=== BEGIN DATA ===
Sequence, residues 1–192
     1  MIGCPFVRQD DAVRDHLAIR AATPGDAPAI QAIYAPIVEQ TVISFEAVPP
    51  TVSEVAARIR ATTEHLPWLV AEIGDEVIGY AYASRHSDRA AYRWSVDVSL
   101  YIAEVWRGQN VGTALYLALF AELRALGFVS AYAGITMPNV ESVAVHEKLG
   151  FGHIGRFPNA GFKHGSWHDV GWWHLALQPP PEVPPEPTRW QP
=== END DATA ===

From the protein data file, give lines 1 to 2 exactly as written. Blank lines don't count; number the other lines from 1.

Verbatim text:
Sequence, residues 1–192
     1  MIGCPFVRQD DAVRDHLAIR AATPGDAPAI QAIYAPIVEQ TVISFEAVPP